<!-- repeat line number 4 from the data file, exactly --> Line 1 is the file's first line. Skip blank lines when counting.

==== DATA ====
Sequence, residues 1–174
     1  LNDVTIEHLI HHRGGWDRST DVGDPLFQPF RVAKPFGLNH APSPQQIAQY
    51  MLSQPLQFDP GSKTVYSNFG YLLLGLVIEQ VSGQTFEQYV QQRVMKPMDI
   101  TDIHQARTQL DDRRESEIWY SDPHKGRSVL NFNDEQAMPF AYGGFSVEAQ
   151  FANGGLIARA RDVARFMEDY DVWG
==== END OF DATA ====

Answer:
   101  TDIHQARTQL DDRRESEIWY SDPHKGRSVL NFNDEQAMPF AYGGFSVEAQ